I would step out of their way on the uphills and then get stuck behind them going down. And there is a lot of up and down in Uwharrie.

So I ran out ahead to get some space to run. I was feeling really good, it was a beautiful morning in the forest, and my strict pacing plan was quickly forgotten. I went through the first 10 miles at a 9:18 pace, and instead of be worried, I let out a "wooohooo", and thought "This is going to be easy!".

"Uwharrie Blues"
featuring Trailhead Goofus and friend

20 Miles
At around 2 hours, I popped 3 Tylenol in anticipation of the inevitable pain to come. This is so incredibly stupid, I really didn't want to admit it. But it helps explain how I wrecked myself. Pain is the way the body communicates warning signals, and was I purposefully blocking them out.
In my car, I also put black tape over my speedometer, fuel gauge, and check engine light. Ignorance is bliss!

I continued on, feeling great. The only thing that was really sore was my wrist from holding my 20oz hand held (not a lot of upper body strength). I plowed through streams, powered up the hill at 16 and flew through the mud around 18.

I got to the turn-around and the volunteers were like a NASCAR pit crew. They got my drop bag, switch out my hand held bottles, and opened my Ensure. I chugged the Ensure and was out of there in 60 seconds.

I had completed the first half in 3:13, which is a 9:41 pace. For some reason I thought this was a good thing. I had a huge cushion with a whopping 3:47 to make it back.
I had carbo loaded, stuffed myself with pickled beets, and taken Tylenol.  What could go wrong?

"What, me worry?"
Shannon took this one of me at mile 21.
I was blissfully ignorant of what another 19 miles would be like.

"I ran the first 20,
I ran it real fast,
I look at the sky,
And I fall on my ass
Oh, Uwharrie!
I got those Uwharrie Blues..."

Thursday, February 9, 2012

2012 Uwharrie Mountain Run - part 1

This is me hitting mile 36.
I was literally run over by a truck once.
[Some would say I actually ran myself over with a truck. But that is another story]. I was lucky to escape death or dismemberment, but I was in the hospital for 3 days.

So when I say that right now that I "feel like I was run over by a truck", I am speaking from experience. In some ways, the Uwharrie 40 was actually worse. The truck only broke my right arm, took a chunk out of my right thigh, and removed some skin.

But the race left every inch of my legs swollen. Knees, calves, feet, toes, hips, quads, hamstrings, soleus, shins, Achilles tendons. Everything. (Well, I guess my IT bands are OK.)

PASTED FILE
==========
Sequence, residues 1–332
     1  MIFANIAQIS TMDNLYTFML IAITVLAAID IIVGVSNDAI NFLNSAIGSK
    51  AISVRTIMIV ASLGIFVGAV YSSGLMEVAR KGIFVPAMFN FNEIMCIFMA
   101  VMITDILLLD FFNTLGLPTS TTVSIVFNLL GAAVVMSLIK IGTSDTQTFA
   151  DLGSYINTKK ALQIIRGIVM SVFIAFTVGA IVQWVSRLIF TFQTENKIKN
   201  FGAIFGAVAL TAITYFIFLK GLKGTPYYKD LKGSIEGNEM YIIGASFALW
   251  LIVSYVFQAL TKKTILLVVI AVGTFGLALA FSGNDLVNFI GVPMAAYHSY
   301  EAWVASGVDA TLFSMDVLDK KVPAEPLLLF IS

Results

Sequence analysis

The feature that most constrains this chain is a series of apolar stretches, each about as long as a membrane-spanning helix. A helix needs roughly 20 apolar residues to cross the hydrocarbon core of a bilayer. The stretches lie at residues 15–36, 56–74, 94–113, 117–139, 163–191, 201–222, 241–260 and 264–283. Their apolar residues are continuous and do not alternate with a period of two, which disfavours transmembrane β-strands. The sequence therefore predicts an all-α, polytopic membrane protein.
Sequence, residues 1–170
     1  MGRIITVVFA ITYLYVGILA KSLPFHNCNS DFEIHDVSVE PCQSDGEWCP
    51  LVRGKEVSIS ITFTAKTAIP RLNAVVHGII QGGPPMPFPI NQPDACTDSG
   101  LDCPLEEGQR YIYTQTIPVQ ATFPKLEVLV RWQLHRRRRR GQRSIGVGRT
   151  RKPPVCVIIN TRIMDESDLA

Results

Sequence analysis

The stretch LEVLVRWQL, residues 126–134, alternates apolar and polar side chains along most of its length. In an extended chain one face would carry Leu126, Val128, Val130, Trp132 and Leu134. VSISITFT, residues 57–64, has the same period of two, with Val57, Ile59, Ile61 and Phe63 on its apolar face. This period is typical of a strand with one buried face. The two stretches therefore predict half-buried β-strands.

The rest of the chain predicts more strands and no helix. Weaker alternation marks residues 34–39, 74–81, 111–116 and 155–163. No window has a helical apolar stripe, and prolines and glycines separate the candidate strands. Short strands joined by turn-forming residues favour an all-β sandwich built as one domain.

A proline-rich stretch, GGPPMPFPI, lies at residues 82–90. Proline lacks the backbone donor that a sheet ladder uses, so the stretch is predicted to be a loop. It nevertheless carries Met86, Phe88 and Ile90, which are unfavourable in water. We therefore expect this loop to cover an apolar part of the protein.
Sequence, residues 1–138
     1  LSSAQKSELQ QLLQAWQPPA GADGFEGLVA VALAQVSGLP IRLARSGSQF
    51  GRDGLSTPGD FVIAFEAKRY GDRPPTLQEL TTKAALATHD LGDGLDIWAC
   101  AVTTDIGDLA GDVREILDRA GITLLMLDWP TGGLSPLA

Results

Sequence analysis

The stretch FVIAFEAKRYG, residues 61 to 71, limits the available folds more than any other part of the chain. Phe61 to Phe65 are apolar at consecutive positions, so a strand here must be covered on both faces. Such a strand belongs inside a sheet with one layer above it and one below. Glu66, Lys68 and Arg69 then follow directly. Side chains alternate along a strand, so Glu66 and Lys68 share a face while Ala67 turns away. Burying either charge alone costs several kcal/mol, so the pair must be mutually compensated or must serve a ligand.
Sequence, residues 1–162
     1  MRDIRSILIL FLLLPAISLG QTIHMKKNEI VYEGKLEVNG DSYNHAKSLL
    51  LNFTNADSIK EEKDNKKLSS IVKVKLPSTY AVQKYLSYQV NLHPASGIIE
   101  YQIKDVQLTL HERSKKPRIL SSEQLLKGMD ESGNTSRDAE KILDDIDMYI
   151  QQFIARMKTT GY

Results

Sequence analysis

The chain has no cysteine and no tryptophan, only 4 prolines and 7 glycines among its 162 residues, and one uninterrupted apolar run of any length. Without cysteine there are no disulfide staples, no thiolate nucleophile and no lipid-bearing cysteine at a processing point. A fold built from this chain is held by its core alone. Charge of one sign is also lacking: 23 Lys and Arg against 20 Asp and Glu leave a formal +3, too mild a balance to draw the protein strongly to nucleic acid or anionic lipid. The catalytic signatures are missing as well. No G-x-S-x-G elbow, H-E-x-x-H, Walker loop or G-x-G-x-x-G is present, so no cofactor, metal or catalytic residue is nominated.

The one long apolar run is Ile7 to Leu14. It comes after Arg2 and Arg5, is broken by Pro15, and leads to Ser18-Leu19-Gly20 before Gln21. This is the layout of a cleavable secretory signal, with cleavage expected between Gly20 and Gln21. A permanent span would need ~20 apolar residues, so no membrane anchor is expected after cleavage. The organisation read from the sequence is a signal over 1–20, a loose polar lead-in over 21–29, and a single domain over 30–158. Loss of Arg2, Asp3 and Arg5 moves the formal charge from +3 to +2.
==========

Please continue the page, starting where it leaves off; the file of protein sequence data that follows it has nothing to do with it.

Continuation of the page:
The thought of running is laughable, and walking is still difficult.
At night, I have to use my hands to lift my legs into the bed, and I think I could really use an IV drip, a bedpan and nurse.

What was I thinking?
Getting hit by a truck was an accident, but I actually chose to do this to myself.
"What were you thinking?", my sister asked me, when I told her of my condition.
All last year I kept hurting myself in one race after another, struggling with injuries, and she had to listen to me whine and complain about it.
"What is wrong with you? Why would you run some crazy ultra-marathon? "

  • Uwharrie is not just a race. It is our local epic adventure.
  • I did the race in 2010 and had a lot of fun, and felt great
  • In 2011, I came tantalizingly close to the glorious "organ donor" status, before breaking down at mile 39.
  • And, well, everybody is doing it!
I just want to belong!
Not a Good Engineer
So here was my thinking before the race.
This January I had finally recovered from all of my lingering injuries, and a 20 mile training run proved I could make it at least halfway. So the race was a "go". It was just a question of what my goal should be. Here are the choices:
  1. A relaxing day in the forest. Take a lot of walk breaks from the very start. Try to finish without any pain or trauma.
  2. Go for sub 7:00 organ donor again.
Being an engineer, I like to make my decisions based on empirical evidence. So here are some numbers, comparing my running state of being before Uwharrie 2011 and the race this year :

Pre-Uwharrie state of being20112012
Mileage previous 6 months1089596
January Miles228119
Peek mileage week8141
Little River 10 Miler1:12:341:11:33
Eno Equalizer26:0626:12
Uwharrie Result7:05????

Hmmm. Compared to last year, I was only capable of running about half as much.
However, my race times were about the same. Maybe mileage doesn't matter!
It's all about "quality" runs, not "junk mileage", right? Right!

Organ Donation, here I come!

Onward into Uwharrie... to my doom.

Tuesday, February 7, 2012

2012 Uwharrie Mountain Run Photos


Last Saturday I attempted the Uwharrie 40 Miler... like a bug attempts to stop a car on the freeway.
When the surgeons are done sewing my scattered pieces back together, I will do a race report.

In the meantime, in case you have not seen them already, Shannon's photos are here.

Wednesday, February 1, 2012

Tick Mob

Spontaneous Tick Mob

The Umstead Marathon Tick shirt seems to be quite popular, because I keep seeing it everywhere.
Of course, it is hard to miss, as it is bright as a laser pointer shining in your eye.

This gave me an idea. What if we all wore our tick shirts to Uwharrie on Saturday? No agenda. Just a semi-spontaneous assault of neon green ticks. Call it a "Tick Mob"

Maybe it's a dumb idea, because trail runners tend to be the individualistic type, and frown on conformity.

On the other hand, we would be quite visible out in the forest. This will help the runners following us, as well as the forest rangers who will come searching for us when we get lost.

Umstead Tick Mob
Another, even better idea is if "Tick Mob" the 2012 Umstead Marathon.

It would be a show of appreciation to the Umstead "Conclave", letting them know what a great job they do and  how much we love the Tick Shirts.

So far, it's me and Josh.

Anyone else?

For those without a Tick Shirt, you may be able to still buy them from Godiva. Usually they sell them old shirts at the race.

Recent Posts